But Wareham says the primary reason response times were slow was because of shortcomings in an earlier verson of the Air Canada API, which was too dependent on the airline’s Web offering.

He says the new API, using Farelogix FMS, is more dyanamic as the fare management system enables Air Canada to determine who’s making a query and what that individual shopper means to Air Canada.

In working with Travelport and reaching the full-content agreement, Wareham says the two worked on a list of 36-40 items that needed to be improved.

Reaching an agreement with the Travelport GDS was important to Air Canada because the airline believes “foregoing revenue is not something we want to sustain,” Wareham says. “We get great uptake on our ancillaries.”

For now, Air Canada and Travelport are focusing on bringing these new merchandising capabilities to the Canada market, but the agreement is global in scope.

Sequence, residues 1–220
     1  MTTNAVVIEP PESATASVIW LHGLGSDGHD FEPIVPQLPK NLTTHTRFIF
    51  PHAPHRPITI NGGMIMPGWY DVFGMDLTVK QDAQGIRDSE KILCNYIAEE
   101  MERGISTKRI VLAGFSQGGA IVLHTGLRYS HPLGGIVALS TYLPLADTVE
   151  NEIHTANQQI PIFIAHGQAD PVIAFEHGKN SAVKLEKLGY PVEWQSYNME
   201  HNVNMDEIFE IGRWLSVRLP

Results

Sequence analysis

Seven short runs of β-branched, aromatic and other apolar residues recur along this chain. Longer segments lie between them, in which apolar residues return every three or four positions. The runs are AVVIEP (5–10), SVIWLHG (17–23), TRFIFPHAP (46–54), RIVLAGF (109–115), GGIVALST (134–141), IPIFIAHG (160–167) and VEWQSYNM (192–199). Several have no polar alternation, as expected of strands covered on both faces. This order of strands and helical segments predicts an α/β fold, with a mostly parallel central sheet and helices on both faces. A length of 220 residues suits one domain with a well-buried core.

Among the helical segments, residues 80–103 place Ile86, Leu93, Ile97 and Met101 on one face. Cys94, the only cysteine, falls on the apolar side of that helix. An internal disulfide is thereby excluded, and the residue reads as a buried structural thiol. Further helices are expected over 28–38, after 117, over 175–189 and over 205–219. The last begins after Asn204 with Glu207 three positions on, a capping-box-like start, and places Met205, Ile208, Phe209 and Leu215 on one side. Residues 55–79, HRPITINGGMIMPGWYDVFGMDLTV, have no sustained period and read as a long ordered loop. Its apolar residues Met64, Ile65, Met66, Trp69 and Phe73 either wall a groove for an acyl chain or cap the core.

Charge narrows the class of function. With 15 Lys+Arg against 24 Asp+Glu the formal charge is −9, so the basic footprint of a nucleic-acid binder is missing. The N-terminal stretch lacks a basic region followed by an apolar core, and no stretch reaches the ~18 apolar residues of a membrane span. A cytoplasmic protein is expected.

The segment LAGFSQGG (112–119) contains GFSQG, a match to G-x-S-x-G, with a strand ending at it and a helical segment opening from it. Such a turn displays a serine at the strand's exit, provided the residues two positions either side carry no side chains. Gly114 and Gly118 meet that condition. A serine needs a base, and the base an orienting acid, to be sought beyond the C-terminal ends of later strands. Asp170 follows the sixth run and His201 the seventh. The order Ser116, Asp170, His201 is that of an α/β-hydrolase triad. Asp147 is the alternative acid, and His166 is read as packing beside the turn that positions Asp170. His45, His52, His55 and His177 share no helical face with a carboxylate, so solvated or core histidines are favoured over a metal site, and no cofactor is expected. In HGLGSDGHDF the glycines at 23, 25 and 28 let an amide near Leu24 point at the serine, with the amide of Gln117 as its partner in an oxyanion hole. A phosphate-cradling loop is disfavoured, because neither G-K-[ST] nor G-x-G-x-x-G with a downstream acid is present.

Whether authenticated shopping through Air Canada’s new API and the Agencia desktop works as well as the picture Wareham paints remains to be seen — because the enhanced version of Agencia has not been fully launched.

Meanwhile, much of the travel distribution world is watching developments in the American Airlines-OTA-GDS battles.

Might there be something in Canada worth finding out about, as well?

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Dennis Schaal

About the Writer :: Dennis Schaal

Dennis Schaal was North American editor for Tnooz.



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  8. Evan James